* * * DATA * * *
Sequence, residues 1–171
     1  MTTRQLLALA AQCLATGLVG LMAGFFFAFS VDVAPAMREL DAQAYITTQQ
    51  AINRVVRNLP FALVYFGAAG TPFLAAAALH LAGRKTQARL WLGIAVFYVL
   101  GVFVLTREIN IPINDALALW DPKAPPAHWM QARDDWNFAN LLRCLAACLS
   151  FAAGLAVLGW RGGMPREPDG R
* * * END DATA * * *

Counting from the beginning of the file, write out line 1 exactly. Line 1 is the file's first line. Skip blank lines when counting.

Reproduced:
Sequence, residues 1–171